When we tell you the cinnamon buns Emily Bengston bakes are big - hot, yeasty swirls veined with cinnamon sugar and dripping white sugar glaze - please try to imagine them, then quadruple the size you have imagined. These buns are giants, and they are delectable.
Bengston, whom most of the customers of her Anchor Inn know as Emmy, explained their secret as we sat at a table and tore into a couple of hot ones: "potato water with all those nice potato goodies from the bottom of the pot." Potato water - water in which you have boiled potatoes - rather than ordinary warm water gives Emmy's buns a softness and flavor that make them, in our cinnamon-bun-eating experience, the best in Iowa - a state where cinnamon buns reign as the supreme bakery treat.Emmy has plenty of potato water available because she and her small kitchen staff peel, boil and mash lots of potatoes. Most of the plate lunches Emmy serves come sided with potatoes - billowy, genuine mashed potatoes, usually smothered with good brown gravy. Spud-lovers like ourselves could make a meal of them.
And, oh, what a chicken fried steak Emmy makes: crisp-crusted, tender enough inside to be a pleasant chew, but with real beef flavor that overly tenderized meat never has. Also on the daily menu - which is a blackboard posted on the wall for all to see - were Polish sausage and sauerkraut, and roast beef dinners. There aren't a lot of entries from which to choose, but what is there is real farm cooking: fried chicken, meat loaf, ham loaf, chicken 'n' biscuits. Alongside come vegetables - vegetables from a vegetable garden, cooked and bathed in butter. We had carrots, and darned if they weren't some of the tastiest we ever ate.
Cinnamon rolls cost a dollar apiece; we saw people coming in to Emmy's (which is generally open only for the midday meal, known hereabouts as dinner) for cinnamon buns to take home or to their place of business. With dinner you get a different kind of superb bread: yeast rolls. These are golden-topped beauties baked in a pan, soft enough to serve as a mop for gravy.
We don't have much space left before getting to Emmy's recipe, so let us quickly tell you about the pies. There were eight available the day we had dinner, each in an exquisitely flaky lard crust. Some were double-crusters, thick with fruit, but our favorites were the custards, especially those topped with sugar-crusted meringues. Sheer blue-ribbon heaven!
Put the Anchor Inn in your little black book. It's a small-town cafe beloved by folks from miles around and a treasure for any traveler in search of heartland square meals. Evelyn Birkby, the grande dame of KMA radio homemakers in the nearby town of Shendandoah, was the one who took us there, then shared this recipe, courtesy of Emmy:
Now available! Nearly 200 of the most-requested recipes from this column, all in one book, "A Taste of America." It includes Jane and Michael Stern's favorite restaurants, as well as photos from their coast-to-coast eating adventures. Available in paperback, it can be ordered by sending $9.95 plus $1 for postage and handling to Taste of America, in care of the Deseret News, P.O. Box 419150, Kansas City, MO 64141.1991, Jane and Michael Stern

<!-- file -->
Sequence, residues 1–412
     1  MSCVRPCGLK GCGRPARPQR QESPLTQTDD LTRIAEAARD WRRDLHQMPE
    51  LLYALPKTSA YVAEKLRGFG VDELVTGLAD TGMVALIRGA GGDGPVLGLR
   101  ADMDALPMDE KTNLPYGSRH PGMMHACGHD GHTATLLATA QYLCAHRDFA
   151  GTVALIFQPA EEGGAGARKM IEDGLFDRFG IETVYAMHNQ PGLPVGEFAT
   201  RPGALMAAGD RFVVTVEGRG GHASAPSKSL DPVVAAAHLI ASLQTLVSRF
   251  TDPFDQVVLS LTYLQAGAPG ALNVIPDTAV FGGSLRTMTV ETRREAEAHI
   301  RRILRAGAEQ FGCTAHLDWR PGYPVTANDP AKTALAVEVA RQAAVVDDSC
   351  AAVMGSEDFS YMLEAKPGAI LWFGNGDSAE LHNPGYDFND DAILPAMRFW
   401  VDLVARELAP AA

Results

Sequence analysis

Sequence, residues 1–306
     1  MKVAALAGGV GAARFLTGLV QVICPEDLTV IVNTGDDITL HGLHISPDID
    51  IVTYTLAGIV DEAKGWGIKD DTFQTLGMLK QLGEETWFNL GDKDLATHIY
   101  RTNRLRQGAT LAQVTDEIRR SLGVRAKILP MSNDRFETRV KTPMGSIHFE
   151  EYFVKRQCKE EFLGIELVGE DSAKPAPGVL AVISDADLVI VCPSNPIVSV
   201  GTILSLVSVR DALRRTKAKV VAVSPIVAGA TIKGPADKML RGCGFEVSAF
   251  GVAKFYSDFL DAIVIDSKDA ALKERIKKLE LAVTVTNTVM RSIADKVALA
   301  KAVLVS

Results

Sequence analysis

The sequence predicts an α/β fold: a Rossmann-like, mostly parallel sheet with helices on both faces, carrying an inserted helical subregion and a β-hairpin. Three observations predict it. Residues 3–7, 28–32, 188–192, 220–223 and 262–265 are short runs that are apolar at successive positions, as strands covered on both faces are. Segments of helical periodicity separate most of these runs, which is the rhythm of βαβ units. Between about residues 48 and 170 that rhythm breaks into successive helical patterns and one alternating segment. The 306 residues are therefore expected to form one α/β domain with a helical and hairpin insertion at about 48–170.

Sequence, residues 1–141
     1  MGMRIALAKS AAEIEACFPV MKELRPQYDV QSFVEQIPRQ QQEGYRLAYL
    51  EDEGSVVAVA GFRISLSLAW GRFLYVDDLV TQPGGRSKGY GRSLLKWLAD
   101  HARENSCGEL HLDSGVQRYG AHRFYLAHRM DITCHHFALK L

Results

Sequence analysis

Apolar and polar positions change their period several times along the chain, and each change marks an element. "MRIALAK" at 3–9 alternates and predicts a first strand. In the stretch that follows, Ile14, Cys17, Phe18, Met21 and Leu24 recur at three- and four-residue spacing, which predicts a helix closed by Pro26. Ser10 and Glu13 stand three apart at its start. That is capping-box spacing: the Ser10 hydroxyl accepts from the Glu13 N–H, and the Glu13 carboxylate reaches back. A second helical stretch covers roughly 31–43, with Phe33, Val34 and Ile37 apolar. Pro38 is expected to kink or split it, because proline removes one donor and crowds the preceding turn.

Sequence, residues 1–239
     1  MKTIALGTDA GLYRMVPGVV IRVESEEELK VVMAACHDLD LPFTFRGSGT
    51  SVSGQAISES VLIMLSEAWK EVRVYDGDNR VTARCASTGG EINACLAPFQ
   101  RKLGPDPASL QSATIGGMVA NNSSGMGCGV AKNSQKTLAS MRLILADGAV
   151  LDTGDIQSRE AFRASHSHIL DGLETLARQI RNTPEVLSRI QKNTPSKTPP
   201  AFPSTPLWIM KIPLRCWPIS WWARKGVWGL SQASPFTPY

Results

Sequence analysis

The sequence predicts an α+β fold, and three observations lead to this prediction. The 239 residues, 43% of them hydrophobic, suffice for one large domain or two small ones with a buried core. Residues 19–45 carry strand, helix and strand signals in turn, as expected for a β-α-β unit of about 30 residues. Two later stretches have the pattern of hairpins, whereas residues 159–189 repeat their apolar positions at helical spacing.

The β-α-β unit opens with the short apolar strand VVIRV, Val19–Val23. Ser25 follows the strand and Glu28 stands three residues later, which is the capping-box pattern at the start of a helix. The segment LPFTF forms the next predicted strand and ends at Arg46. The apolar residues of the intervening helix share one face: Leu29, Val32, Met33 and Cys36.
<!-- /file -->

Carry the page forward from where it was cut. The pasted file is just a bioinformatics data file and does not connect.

(Universal Press Syndicate)
Emmy's Big Buns
1 package yeast
2 tablespoons warm water (105-110 degrees)
4 tablespoons (1/2 stick), plus 2 tablespoons margarine, melted
11/2 cups warm potato water (105-110 degrees) (or substitute 1/4 cup dry instant mashed potatoes and 11/2 cups water)
1/3 cup sugar
1 teaspoon salt
1/2 cup dry non-fat milk
2 eggs, lightly beaten
4 to 5 cups flour
1 cup white sugar
1/4 cup brown sugar
1 tablespoon cinnamon
11/2 cups confectioners' sugar
2 tablespoons butter, softened
1 tablespoon water Dissolve yeast in 2 tablespoons of warm water. When yeast is foamy, mix it with 4 tablespoons of the margarine, the potato water (or plain water and dry instant potatoes), sugar, salt, non-fat milk, eggs and 4 cups of flour. Mix until a ragged dough begins to form, adding flour as needed. Turn dough out on floured board and knead 5 minutes, adding flour as needed to make a smooth, silky dough. Roll dough into ball and place in a greased bowl, cover and let rise in a warm place 1 to 2 hours, until double in bulk.
Grease a baking pan about 10 by 10 inches or an ovenproof 12-inch skillet.
Turn dough out on floured board, knead 1 minute, and roll into a rectangle about 1/2 inch high. Brush with remaining 2 tablespoons of melted margarine. Combine sugars and cinnamon and sprinkle onto buttered dough. Roll dough up like a jelly roll and cut into 6 pieces. Place the slices in the prepared baking pan, cut side up, cover loosely and let rise until nearly double, about 45 minutes. Preheat oven to 37 degrees. Bake risen rolls 35 to 40 minutes.
As rolls bake, make glaze by beating butter and water into confectioners' sugar (you may need up to 2 tablespoons of water to make a thick, spoonable glaze).
When rolls are still warm from the oven, spoon on the glaze.
Makes 6 big buns.